• Jobs: Generated 862 job-years (one year of one job) as determined by job-years created in the manufacturing of the solar system’s components (excluding the PV cells), installation, grid connection, operation and management, as well as the utility’s work to upgrade the grid’s network and administration of the feed-in tariff program
  • Sufficient public interest: Received 226 applications for its small project category (up to 3 MW installed capacity for each) and large project (between 30 kW to 150 kW) categories — an “adequate” number, according to DeShazo and Turek
  • Direct investment in the City of Los Angeles: Approximately $122 million from the solar industry (assuming that the average cost of installed solar watt is $3.05)
  • Avoided greenhouse gas emissions: Saved 2.145 billion pounds of CO2 when compared to a coal-generated power plant, or allocated enough renewable energy equivalent to removing 200,000 cars from Los Angeles roadways
  • Solar-powered homes: Allocated enough renewable energy to power approximately 8,640 homes in a year

“Although the first and second tranches [phases] were successful, this study highlights an opportunity to make the process more user-friendly and cost-efficient in the future,” said LA city councilmember Mitchell Englander.

What could be done better?

Researchers identified opportunities for improvement. These include:

  • Monitor pricing to keep smaller projects competitive: Due to economies of scale, current price offerings may not be attractive for smaller project developers if the cost of solar components, capital, or installation rise
  • Enable applications to be rolled over to the next phase: Allow building owner applicants to be automatically considered for the next phase (rather than making them apply all over again if a phase’s 20 MW allocation has already been distributed). This helps meet a common challenge among solar developers to continue working with building owners who will host solar systems on site through the Clean LA Solar program
  • Establish a standardized acceptance and rejection timeframe for applicants: Applicants reported unclear expectations as to how quickly they would hear from Clean LA Solar as to whether they were accepted or not
  • Communications: Applicants would be more likely to understand how to comply with codes and regulations if the city’s building and safety department could develop a Clean LA Solar guide for building owners/program participants. The goals and benefits of the program appear to be poorly understood by the public and the participants, which can hinder program participation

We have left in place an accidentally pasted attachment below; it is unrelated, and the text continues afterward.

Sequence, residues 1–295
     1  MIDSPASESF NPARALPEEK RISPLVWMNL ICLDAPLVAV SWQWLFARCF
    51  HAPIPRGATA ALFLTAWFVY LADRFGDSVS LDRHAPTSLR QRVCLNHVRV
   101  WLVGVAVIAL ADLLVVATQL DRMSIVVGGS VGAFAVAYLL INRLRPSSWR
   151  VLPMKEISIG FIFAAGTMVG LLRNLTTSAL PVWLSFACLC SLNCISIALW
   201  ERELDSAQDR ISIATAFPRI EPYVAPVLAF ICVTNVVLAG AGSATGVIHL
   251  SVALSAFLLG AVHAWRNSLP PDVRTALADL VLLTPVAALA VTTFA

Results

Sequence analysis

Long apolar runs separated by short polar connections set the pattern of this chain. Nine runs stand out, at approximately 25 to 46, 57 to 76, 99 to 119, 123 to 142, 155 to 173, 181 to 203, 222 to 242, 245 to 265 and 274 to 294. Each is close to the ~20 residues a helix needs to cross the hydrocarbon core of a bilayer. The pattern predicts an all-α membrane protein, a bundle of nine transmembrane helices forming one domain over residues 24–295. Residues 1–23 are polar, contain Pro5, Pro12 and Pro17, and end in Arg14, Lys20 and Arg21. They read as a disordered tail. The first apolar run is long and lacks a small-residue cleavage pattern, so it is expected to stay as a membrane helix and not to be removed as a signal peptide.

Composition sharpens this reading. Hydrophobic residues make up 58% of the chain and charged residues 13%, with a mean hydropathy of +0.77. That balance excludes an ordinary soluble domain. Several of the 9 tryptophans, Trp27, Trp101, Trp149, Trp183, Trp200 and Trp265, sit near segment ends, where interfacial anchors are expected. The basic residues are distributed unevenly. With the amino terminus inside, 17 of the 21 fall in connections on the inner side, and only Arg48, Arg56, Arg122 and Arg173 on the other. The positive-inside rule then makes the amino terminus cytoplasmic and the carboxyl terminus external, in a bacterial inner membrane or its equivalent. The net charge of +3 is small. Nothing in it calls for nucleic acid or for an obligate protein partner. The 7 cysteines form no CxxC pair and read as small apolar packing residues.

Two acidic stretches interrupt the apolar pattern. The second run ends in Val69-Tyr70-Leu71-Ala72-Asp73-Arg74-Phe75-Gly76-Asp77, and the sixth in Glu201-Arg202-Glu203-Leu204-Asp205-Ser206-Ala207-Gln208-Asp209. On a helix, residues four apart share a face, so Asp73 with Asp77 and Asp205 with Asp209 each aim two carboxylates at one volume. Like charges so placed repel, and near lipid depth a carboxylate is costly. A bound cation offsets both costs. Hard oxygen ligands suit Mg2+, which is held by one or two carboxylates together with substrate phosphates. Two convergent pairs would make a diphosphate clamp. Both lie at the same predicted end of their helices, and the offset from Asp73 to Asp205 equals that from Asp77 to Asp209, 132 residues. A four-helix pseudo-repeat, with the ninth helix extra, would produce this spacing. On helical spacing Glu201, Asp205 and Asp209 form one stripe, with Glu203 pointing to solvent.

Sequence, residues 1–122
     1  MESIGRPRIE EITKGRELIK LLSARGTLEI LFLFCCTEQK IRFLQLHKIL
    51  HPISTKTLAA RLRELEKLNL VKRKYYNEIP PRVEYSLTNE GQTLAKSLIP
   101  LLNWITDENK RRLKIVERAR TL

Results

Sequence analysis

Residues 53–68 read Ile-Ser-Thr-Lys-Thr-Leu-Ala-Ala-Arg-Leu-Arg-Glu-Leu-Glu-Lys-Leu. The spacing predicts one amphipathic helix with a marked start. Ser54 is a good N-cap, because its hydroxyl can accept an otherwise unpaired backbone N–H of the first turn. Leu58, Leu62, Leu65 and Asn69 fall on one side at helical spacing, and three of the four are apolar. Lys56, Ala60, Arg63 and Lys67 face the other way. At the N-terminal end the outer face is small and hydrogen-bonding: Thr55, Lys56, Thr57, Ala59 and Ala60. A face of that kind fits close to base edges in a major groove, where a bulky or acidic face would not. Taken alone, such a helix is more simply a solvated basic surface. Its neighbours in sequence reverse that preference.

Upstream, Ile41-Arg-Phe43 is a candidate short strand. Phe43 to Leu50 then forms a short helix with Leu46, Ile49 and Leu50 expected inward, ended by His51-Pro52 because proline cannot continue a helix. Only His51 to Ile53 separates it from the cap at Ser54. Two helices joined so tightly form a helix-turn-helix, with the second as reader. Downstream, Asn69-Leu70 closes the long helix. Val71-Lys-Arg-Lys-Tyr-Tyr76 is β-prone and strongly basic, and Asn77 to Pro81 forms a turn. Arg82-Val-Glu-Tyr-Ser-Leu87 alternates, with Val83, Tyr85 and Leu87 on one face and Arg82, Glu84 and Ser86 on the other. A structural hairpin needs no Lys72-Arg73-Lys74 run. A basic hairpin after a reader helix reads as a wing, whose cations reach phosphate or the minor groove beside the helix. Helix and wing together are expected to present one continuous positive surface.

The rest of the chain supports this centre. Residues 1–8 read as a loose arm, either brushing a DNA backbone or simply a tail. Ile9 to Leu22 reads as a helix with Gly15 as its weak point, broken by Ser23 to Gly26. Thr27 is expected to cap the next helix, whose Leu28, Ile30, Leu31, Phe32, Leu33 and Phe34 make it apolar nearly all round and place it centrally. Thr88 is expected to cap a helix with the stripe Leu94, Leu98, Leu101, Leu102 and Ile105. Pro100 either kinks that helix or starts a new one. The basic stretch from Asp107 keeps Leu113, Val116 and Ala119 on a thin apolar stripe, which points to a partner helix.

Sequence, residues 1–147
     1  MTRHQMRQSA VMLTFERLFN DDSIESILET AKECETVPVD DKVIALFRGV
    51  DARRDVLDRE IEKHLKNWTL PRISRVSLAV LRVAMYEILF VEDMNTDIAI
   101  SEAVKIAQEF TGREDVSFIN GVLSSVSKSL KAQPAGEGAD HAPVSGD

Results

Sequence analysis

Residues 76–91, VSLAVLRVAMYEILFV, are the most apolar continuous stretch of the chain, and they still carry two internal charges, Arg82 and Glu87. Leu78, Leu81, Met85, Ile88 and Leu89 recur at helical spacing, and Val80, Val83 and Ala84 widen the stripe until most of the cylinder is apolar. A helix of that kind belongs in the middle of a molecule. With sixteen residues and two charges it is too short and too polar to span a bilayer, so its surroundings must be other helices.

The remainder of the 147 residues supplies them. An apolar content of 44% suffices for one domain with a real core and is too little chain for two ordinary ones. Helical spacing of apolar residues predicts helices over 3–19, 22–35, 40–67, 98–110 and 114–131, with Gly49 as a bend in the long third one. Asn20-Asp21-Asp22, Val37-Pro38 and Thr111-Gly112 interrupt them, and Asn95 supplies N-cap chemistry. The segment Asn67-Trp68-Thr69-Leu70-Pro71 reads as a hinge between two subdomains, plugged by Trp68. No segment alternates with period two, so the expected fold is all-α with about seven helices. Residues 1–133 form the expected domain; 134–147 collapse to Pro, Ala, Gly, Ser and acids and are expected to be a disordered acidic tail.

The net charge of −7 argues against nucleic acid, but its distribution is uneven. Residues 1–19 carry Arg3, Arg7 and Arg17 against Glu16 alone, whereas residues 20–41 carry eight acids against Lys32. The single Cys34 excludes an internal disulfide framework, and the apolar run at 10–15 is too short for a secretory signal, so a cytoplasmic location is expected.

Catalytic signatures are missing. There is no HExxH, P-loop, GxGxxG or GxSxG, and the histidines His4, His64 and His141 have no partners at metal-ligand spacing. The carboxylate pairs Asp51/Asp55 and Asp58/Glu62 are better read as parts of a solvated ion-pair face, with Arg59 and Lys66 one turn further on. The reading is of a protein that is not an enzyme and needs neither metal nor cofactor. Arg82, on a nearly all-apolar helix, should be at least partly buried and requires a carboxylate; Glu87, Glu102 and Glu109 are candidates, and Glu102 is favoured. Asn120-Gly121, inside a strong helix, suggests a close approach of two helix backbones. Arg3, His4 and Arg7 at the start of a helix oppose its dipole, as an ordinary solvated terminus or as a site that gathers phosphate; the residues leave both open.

• Building out programs: Clean LA Solar’s 20-year contract period is not long enough for solar developers to know whether or not it’s worth continued investment for a permanent presence in the city. Policymakers should build out or build upon the program so that companies can make plans to expand their local workforce

Clean energy advocates such as Environment California‘s Michelle Kinman says the program’s success so far is reason to start looking ahead on how the city can commit to an even larger goal of adding on 500 MW to the program to reach a 600 MW of total installed capacity by 2020.

“We want to start now on ramping it up,” said Kinman, clean energy advocate for the Los Angeles-based nonprofit organization. “It’s just scratching the roof of LA’s full power potential.”

Echoing the evaluation’s findings, Kinman said that the city needs to send a signal to developers of a continued and expanded commitment to solar, otherwise they may feel compelled to invest elsewhere.

Environment California is working with the LA Business Council and a coalition of other organizations to get the city to source 20 percent of its power — 1200 MW — from solar by 2020. The timing couldn’t be better, as Los Angeles is currently considering its future energy mix, thanks to a resolution passed last April which commits to being coal-free by 2025, two years ahead of a state mandate.

But while Los Angeles mayor Eric Garcetti, local and state officials and an array of organizations and community leaders have endorsed the call, the city has yet to formally sign on.

“Rooftops of office buildings, warehouses and apartments within the Los Angeles basin are proving to be outstanding sites for solar power plants,” said Brad Cox, chairman of the LA Business Council Institute. “With about 10,000 acres of rooftops in Los Angeles, we think the sky is the limit for the [Clean Solar LA] solar FiT program.”

Los Angeles solar roof photo CC-licensed by Flickr user Eric Richardson.

Coal is a Disease that Costs Us $60 Billion a Year

posted by Matthew Wheeland on February 25th, 2014

coal minersI’ll say it up front: We are clearly biased toward renewable energy, particularly home solar systems. That much is obvious. Why we believe renewables are the future of energy is I hope equally obvious, but it can’t hurt to underline the reasons.

In just the last two months, we’ve seen a series of disasters small and large that are a direct result of our continued reliance on dirty energy. Whether it’s coal ash fouling a North Carolina river or a little-known chemical used by the coal industry leaving 300,000 West Virginians without water, it’s clear that the price of dirty energy is much higher than we usually think.